But this is changing.

And by 2030, company structures will look very different to what they look like today.

So what would it take to move from where we are now, to where we need to be?

We can draw some interesting precedent from the business and human rights space here. Fifteen years ago, when I started working in this field, the idea that companies could have impacts on human rights, and that they could have a responsibility for these impacts – even where there was no legal liability – was still pretty revolutionary. And yet look today at any major forward-looking company’s website and you’ll see a page on human rights, and what they are doing to tackle the topic.

What did it take?

  • Number one: precision. It took an understanding of the specific expectations and what companies needed to work toward. This WBA methodology is part of the answer. And companies need to translate this into specific internal just transition targets that are tailored to their sector and to their individual transition plans.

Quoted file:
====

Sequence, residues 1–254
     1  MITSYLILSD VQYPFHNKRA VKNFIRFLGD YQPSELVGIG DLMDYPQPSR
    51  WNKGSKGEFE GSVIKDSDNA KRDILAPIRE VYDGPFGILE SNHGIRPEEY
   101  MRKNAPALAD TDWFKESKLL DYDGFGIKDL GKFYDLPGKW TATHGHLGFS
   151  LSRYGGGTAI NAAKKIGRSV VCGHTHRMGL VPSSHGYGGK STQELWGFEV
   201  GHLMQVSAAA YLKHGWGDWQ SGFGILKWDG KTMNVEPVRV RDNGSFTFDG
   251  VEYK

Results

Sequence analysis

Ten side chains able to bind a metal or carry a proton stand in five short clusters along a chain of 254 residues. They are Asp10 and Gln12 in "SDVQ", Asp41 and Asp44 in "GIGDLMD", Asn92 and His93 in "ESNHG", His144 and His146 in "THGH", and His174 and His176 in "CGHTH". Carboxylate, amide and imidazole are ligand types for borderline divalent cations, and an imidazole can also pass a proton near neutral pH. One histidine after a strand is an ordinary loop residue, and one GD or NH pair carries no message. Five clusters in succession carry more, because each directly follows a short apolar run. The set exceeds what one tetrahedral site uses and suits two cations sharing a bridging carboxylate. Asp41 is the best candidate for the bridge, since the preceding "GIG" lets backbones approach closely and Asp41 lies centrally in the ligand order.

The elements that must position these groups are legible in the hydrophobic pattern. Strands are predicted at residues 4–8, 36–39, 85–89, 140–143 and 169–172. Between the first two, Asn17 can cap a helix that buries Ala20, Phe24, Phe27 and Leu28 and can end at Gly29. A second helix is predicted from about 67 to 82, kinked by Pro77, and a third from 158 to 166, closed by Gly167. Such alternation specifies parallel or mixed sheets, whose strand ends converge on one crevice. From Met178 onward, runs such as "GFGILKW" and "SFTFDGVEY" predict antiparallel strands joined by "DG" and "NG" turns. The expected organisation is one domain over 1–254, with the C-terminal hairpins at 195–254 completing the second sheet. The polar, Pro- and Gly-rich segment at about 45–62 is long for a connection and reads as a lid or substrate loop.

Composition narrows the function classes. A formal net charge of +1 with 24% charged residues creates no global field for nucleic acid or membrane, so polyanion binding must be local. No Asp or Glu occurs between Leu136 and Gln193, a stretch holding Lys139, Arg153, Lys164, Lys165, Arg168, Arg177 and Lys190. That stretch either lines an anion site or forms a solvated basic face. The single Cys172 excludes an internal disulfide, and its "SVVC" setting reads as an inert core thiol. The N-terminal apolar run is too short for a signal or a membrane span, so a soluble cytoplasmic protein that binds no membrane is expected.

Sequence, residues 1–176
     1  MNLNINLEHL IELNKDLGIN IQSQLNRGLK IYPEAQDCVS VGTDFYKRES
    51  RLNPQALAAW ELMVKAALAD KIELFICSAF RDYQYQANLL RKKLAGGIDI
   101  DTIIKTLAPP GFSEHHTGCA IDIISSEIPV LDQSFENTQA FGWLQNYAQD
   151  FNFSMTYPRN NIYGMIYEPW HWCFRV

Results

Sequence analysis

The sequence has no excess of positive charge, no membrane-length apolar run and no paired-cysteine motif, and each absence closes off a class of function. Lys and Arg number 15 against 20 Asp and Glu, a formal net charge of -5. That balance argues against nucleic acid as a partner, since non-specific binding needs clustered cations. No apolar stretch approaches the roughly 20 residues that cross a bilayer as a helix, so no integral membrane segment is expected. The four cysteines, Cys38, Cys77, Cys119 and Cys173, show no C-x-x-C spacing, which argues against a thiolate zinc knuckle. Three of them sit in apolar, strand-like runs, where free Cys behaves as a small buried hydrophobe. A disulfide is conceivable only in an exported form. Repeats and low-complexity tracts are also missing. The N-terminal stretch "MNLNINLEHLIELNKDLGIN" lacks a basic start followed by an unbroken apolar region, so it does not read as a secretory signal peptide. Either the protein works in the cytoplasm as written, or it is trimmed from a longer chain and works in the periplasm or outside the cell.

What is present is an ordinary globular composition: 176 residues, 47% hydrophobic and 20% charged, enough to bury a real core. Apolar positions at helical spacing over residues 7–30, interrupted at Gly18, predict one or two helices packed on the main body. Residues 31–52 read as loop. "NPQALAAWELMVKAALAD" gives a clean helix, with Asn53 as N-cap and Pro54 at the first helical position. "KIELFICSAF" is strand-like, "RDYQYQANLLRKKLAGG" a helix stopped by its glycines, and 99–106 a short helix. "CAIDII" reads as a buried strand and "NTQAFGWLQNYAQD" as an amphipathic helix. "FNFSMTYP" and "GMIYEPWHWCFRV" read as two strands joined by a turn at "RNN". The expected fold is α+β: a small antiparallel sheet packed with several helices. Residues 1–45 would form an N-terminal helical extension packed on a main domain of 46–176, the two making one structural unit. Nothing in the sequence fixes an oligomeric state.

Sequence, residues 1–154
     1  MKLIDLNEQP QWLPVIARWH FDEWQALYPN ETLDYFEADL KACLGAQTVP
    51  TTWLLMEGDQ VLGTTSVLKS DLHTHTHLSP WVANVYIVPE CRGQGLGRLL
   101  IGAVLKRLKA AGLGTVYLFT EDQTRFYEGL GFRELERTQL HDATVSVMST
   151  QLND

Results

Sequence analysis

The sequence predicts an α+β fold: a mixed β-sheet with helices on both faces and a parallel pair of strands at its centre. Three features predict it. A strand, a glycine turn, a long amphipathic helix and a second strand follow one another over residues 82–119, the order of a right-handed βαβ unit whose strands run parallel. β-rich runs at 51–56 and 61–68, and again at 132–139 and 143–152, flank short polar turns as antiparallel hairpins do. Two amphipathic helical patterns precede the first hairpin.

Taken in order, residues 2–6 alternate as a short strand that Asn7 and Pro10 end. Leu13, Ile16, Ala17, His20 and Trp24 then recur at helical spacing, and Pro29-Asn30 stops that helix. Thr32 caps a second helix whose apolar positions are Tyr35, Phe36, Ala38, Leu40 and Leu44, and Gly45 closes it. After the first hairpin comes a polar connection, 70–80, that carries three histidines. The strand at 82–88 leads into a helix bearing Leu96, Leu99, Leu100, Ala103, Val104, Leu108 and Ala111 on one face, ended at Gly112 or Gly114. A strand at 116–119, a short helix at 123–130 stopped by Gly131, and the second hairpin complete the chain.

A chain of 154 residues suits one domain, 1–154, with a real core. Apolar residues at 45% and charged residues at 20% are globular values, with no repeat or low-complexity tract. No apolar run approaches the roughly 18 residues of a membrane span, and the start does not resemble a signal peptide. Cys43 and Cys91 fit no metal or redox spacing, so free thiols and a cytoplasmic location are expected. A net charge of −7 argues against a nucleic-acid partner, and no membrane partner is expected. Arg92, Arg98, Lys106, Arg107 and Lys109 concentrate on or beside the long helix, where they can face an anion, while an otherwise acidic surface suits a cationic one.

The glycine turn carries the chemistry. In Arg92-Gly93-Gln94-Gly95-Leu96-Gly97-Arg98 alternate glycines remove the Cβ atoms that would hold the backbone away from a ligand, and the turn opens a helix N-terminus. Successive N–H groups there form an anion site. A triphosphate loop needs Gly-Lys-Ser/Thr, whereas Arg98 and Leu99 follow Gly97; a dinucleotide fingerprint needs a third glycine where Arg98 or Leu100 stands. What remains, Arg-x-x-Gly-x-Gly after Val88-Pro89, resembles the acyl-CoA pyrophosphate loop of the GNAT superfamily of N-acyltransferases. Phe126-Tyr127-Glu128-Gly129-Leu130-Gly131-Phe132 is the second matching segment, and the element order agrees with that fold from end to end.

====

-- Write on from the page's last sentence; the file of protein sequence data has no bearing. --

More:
• Number two: education. It took an emphasis on building awareness through trainings, senior leadership messaging and other means. We can envision here creating just transition labs and trainings, highlighting actual just transition case studies that resonate for those in the business, and creating spaces for internal dialogue.